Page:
Hamilton Southeastern Schools 2023 Operating Referendum

This Wednesday, July 12th, 2023 the Hamilton Southeastern School board is doing a joint meeting with the Fishers mayor and city council. The expectation is that everyone will agree to the approval of a resolution to place the school operating referendum on the November ballot. This approval does not enact the referendum, but simply makes it possible for the public to vote to determine if it will happen. There is really no reason for the HSE board to not approve this action as it simply gives the power to the people to determine how things will progress.

It is important to understand that this referendum is not a new tax. Rather, an existing referendum approved in 2016 will be ending, so this simply renews it. This means there is no new tax increase. In fact, the HSE administration is recommending a decrease in the tax rate that currently is in place. This means that if all else stayed the same, tax bills for those under the state tax cap would actually go down.

If the board approves this, which is expected, then the proposed language for the ballot in November would e the following:

“Shall Hamilton Southeastern Schools continue to impose increased property taxes
paid to the school corporation by homeowners and businesses for eight (8) years
immediately following the holding of the referendum for the purpose of funding
academic and educationally related programs, maintaining class sizes, retaining and
attracting of teachers, essential safety initiatives, and changing the previously
approved maximum referendum tax rate from $0.2275 to $0.1995? The property
tax increase requested in this referendum was originally approved by the voters in
May, 2016 and if extended will increase the average property tax paid to the school
corporation per year on a residence within the school corporation by 20.8% and if
extended will increase the average property tax paid to the school corporation per
year on a business property within the school corporation by 20.8%.”

Most of this wording is dictated by the state. For example, even though this will equate to a decrease in the tax rate, the state requires the word increase to be used in the ballot statement. For this reason, HSE has tried to be clear in showing that the existing rate of .2275 will change to .1995, which is clearly a decrease.

It is also worth noting that if approved, this is the maximum referendum rate that the district will charge. The public will have approved this rate, so the school district will be able to include that amount in their budgeting. The district can, however, charge a lower rate. If home assessed values continue to climb at crazy rates, the district can reduce the referendum rate in a given year to reduce the burden on tax payers. It is also worth noting that if this rate is approved, it will be in place for eight years.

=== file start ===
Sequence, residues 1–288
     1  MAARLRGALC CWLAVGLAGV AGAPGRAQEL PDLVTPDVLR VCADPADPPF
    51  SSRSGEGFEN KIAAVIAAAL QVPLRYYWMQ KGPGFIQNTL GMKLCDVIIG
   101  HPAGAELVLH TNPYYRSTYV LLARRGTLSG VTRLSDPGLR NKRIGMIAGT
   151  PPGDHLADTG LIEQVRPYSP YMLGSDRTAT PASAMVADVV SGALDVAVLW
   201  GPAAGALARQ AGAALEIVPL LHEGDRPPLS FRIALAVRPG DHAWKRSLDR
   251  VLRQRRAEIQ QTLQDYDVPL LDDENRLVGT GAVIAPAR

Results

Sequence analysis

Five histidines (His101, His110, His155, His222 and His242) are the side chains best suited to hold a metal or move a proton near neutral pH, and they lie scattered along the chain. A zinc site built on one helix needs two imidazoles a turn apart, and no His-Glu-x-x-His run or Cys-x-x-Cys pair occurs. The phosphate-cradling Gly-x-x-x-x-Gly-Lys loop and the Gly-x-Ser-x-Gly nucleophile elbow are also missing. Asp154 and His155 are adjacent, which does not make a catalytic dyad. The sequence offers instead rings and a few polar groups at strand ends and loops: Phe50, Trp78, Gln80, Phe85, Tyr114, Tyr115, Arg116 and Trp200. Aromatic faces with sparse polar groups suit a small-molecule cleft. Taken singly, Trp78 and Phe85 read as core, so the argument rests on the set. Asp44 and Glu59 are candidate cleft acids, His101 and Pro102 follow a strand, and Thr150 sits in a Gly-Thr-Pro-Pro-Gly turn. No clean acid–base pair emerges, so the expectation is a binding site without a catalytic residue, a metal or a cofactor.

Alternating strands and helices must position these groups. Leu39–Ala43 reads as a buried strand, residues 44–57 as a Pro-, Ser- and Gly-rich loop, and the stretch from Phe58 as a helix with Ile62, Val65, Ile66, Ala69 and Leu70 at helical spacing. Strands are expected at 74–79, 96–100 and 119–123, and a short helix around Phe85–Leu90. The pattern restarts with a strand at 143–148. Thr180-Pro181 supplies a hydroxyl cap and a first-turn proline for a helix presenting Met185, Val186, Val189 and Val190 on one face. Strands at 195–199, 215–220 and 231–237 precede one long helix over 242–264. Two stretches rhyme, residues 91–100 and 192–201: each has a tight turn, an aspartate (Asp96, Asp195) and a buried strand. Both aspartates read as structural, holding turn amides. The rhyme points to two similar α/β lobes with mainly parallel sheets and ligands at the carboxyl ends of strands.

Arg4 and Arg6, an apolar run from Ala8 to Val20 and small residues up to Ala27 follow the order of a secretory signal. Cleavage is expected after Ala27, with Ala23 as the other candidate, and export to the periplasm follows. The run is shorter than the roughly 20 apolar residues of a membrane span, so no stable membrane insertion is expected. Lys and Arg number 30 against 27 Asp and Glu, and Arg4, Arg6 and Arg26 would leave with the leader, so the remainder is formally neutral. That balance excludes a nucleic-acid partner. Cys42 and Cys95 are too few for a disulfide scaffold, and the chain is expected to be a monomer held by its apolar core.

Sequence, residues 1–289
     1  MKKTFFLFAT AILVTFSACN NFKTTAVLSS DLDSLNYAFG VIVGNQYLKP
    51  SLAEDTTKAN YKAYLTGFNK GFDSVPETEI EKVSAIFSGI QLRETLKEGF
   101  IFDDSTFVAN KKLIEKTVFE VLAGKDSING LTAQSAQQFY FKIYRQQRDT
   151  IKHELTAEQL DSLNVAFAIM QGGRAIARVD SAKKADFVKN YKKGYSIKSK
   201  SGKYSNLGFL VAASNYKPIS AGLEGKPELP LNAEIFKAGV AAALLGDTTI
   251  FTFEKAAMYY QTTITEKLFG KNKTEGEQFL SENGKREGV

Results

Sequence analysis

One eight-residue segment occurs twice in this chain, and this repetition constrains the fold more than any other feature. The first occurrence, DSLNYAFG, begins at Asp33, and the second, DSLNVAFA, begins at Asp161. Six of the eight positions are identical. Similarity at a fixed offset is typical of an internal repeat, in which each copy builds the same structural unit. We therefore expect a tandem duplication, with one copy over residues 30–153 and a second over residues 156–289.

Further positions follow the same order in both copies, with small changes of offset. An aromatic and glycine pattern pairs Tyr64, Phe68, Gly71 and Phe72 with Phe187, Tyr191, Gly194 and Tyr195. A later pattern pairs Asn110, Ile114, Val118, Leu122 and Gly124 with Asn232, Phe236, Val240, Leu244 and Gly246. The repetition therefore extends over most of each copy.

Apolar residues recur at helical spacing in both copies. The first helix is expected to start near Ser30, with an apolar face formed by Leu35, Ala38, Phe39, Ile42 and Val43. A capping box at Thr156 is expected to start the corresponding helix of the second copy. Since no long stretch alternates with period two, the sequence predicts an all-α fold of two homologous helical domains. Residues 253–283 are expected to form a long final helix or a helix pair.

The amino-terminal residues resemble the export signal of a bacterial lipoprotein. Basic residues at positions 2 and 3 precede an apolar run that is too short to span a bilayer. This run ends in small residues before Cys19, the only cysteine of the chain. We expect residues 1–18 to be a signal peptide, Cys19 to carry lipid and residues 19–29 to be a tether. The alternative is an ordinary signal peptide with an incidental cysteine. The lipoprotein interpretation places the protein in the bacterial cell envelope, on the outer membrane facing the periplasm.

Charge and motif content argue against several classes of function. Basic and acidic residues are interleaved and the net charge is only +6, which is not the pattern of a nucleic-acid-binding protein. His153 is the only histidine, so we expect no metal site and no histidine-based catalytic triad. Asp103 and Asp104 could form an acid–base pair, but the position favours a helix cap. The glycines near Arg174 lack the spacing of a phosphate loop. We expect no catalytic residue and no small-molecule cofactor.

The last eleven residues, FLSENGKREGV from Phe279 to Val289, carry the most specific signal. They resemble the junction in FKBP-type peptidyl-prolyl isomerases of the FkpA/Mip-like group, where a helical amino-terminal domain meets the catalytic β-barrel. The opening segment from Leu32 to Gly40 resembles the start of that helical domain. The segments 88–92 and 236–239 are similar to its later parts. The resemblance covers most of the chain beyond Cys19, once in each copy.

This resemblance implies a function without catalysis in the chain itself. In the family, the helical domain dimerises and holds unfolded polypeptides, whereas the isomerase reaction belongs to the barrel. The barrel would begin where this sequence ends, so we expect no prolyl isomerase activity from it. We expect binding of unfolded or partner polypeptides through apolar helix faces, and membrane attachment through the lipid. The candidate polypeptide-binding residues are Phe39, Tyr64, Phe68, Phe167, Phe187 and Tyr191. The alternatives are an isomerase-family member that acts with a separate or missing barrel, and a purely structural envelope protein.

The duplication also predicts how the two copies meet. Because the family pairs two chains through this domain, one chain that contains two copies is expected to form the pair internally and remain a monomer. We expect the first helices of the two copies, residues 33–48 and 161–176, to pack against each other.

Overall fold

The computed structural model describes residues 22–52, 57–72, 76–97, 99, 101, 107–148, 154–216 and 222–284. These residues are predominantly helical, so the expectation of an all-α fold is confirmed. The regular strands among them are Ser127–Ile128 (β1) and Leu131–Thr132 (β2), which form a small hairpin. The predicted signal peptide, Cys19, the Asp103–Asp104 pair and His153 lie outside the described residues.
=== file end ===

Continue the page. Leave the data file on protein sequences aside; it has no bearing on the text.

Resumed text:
The district has stated specific purpose for using the funds from the referendum. In the ballot wording, it states “The purpose of funding academic and educationally related programs, maintaining class sizes, retaining and attracting of teachers, essential safety initiatives”. The following is how it a little more specific on how the money is expected to be spent.

  • Funding academic and educationally related programs. Includes approximately 67 certified teachers. – $ 6,700,000
  • Maintaining class sizes. Includes approximately 59 certified teachers – $ 5,900,000
  • Retaining and attracting of teachers. Maintaining competitive salary and benefits for certified staff members. – $ 9,000,000
  • Essential safety initiatives Includes training and support for current Director of School Safety and approximately 22 School Resource Officers. – $ 2,400,00

These targets and dollar amounts are based on current net assessed values and are subject to change. The same is true with the targets, which is that they could adjust each year as well. The assessed values are expected to grow at roughly 6.2% each year.

In a previous school board meeting, the board members voted on their intent to move forward with considering the referendum. As mentioned, the board simply approves putting the referendum on the ballot. They don’t approve the referendum – the public does that with a vote in November. As such, there is little reason for a board member to not move forward with this action.

Were they to turn down this action, or if the public voted to drop the referendum in November, there would be an impact on the school district. Most notably, more than $25,000,000 would be lost from the budget. While there are those that have suggested cutting admin roles and other costs, most of those don’t come close to offsetting $25 million. For example, the five contracts that were questioned at the previous board meeting would equate to less than 4% of that amount. Cutting a hundred thousand here and a million there is a start, but it takes a lot of cutting to save $25 million. As such, it is considered important for this referendum if the same level of class size and academic excellence is to be maintained.

The board is expected to approve this at a meeting tomorrow. The city leadership is expected to stand behind and support the board in this action as well. The schools are one of the top assets — if not the top asset — of Fishers, so maintaining the investment in their excellence is critical for the community.

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